• Home  / 
  • Featured
  •  /  Viewing Distant Galaxies – On Your Computer

Viewing Distant Galaxies – On Your Computer


If you’re interested in astronomy then here is some exciting news. You can now view distant galaxies, in good definition, from your own computer. Peering down a telescope for a faint image is still fun, but new software offers some spectacular images.

Developed by astrophysicists, an “expansion pack” that provides a virtual tour of the universe. This is through a progam called the Sky Viewer tool. The software was released in May 2015; and the new January 2016 update doubles the size of the “searchable universe”. Some 370 million stars and galaxies are now available to view.

The images are drawn from a scientific space-mapping project called dubbed DECaLS (which is an acronym for Dark Energy Camera Legacy Survey). The images were captured by the 520-megapixel Dark Energy Survey Camera (DECam). The project is run by the US, managed at the Department of Energy’s Lawrence Berkeley National Laboratory.

The aim of DECaLS, Laboratory Manager reports, is to capture some 40 million galaxies and other objects like quasars (luminous sources powered by black holes).

By 2018 even more impressive images will be available. This is when the Dark Energy Spectroscopic Instrument (DESI) is set to go live. This is located on the Mayall 4-meter telescope at Kitt Peak National Observatory. The device will measure dark energy using techniques like baryon acoustic oscillations, so that objects beyond the visible universe can be seen. The end product should be the largest, most detailed 3-D map of the universe ever seen.

In relation to this, a citizen science project called Galaxy Zoo is seeking volunteers to view the images and note things the professional scientists may have missed. With 370 million stars captured so far, there’s a lot to do!

About the author

Tim Sandle

Dr. Tim Sandle is a chartered biologist and holds a first class honours degree in Applied Biology; a Masters degree in education; and has a doctorate from Keele University.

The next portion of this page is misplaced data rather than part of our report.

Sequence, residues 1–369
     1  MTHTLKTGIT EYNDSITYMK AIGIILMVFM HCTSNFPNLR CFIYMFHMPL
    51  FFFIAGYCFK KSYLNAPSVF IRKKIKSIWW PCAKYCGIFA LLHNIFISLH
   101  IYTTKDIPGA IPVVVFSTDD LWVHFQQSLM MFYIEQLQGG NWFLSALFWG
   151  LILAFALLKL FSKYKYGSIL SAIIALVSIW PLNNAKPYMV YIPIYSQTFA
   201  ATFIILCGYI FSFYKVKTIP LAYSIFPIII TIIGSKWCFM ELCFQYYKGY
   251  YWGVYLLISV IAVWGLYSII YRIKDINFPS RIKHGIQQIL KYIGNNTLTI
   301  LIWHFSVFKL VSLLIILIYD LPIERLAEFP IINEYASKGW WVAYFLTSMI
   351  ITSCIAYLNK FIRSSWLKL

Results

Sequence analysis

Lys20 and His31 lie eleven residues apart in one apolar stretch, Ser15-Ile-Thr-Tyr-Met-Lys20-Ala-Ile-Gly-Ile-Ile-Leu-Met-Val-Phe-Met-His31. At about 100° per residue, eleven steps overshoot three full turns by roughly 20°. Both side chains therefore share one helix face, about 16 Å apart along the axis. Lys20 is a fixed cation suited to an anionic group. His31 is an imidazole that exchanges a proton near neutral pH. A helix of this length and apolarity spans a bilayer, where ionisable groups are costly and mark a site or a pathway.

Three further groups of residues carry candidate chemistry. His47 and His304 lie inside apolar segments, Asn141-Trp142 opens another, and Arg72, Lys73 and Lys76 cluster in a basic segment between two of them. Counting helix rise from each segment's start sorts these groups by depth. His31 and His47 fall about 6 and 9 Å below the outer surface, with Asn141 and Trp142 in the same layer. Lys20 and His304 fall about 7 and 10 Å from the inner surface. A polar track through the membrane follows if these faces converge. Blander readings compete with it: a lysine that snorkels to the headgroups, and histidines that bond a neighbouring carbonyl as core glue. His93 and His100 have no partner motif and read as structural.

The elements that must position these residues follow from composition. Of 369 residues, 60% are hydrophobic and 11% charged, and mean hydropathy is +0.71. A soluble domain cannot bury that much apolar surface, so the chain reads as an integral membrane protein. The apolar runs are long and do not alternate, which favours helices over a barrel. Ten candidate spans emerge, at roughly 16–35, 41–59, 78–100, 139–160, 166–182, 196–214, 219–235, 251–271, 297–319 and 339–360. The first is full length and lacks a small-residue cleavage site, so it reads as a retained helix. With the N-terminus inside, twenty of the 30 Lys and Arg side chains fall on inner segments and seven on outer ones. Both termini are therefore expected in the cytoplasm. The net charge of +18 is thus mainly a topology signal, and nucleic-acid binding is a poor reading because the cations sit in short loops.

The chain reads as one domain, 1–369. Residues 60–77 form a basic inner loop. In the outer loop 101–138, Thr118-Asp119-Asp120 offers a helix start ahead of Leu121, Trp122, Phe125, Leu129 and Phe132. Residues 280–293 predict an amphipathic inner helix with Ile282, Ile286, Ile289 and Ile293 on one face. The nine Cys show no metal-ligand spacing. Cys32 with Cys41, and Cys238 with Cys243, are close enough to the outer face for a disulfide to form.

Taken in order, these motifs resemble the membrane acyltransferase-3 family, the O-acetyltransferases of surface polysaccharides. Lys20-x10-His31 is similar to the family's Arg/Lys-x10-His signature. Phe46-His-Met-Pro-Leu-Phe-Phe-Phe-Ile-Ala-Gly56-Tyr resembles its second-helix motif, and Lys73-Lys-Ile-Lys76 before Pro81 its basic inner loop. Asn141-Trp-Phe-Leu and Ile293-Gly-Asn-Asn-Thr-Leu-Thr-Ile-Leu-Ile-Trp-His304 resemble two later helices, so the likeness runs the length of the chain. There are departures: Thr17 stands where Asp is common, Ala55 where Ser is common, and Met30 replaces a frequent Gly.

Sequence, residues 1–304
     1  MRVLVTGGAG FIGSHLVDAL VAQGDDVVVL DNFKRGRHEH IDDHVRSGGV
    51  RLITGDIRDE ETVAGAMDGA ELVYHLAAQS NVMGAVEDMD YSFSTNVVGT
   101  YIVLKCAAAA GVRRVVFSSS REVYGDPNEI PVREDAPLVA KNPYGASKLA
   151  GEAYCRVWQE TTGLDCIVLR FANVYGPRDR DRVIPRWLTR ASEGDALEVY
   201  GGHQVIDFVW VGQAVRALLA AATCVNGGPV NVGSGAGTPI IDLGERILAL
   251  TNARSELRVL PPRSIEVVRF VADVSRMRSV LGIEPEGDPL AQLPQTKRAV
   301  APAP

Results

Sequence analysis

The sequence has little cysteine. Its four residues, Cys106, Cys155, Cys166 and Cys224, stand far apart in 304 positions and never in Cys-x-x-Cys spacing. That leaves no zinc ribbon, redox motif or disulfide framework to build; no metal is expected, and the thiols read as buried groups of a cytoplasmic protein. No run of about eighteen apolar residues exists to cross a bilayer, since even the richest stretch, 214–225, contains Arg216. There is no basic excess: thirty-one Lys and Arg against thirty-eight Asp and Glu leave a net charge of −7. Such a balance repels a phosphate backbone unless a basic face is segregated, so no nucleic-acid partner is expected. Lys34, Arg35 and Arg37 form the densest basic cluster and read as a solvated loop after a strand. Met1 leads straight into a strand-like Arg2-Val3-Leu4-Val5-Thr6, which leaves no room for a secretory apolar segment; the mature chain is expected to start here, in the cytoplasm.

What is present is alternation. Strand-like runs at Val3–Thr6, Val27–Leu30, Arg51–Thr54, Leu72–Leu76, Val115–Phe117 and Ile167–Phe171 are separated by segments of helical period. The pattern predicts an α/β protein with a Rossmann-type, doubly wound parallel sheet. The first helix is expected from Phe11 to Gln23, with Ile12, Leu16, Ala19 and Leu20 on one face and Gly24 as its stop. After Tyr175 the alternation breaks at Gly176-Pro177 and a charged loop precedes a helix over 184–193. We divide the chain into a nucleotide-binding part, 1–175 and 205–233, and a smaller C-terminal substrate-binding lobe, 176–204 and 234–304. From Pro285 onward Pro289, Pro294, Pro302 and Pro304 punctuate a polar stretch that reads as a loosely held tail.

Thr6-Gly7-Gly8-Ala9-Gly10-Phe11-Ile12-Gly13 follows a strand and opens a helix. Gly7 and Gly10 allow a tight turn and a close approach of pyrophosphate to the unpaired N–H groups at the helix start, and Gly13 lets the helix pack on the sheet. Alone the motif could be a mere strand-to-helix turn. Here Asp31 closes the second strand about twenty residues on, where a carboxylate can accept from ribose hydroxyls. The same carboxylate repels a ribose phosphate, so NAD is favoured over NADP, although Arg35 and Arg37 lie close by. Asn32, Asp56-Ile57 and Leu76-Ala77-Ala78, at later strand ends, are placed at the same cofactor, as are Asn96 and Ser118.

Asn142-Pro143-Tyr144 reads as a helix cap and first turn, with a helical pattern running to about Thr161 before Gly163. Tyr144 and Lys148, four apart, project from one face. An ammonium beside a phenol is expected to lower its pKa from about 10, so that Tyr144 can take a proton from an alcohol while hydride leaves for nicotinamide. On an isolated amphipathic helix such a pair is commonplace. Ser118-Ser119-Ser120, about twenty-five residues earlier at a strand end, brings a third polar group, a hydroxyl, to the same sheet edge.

• veronicablood

    screenshots or it didn’t happen

    • Victor Grayson

      What do you mean?

      • sorrybadbeat .

        She is playing on the common thing that is said in forums “pics or it didn’t happen”. It’s called a joke, she was joking with us.

        • Victor Grayson

          Funny joke.

      • veronicablood

        you’re writing about “Viewing”, yet you include no pictures in your article. That’s silly. Show me the money.

        • Victor Grayson

          There is a picture.

        • Victor Grayson

          I’m not writing anything about viewing.

  • Daniel Scott

    Scientists know more about distance galaxies than they do about the Bible. De-evolution much?

    • mjrnumber13

      Sorry, I’ll take quasars and black holes and dark matter over Noah’s ark.

    • Sid Vicious

      Distant galaxies are real. Nothing in the bible is.

    • Scimajor

      I’m glad you agree that scientists don’t give a rats behind about that poorly written piece of fiction.

    • sorrybadbeat .

      Most scientist were theist at one point in time, what you’re suggesting is that the more your learn about the universe and go to school, you become more close minded and ignorant — You are anti-education, disgusting that religion has poisoned your mind in such a way and you would spread such filth.

      Here is an alternate theory, the Bible is a simple story created by people who didn’t know how the universe worked but desperately wanted to provide answers to equally simple people. That tradition has carried on and as people become educated they realize that those stories are not true.

    • LAMBDA471

      LOL why are promoting this garbage in here?

    • Victor Grayson

      What are you on about?

  • Victor Grayson

    Interesting software!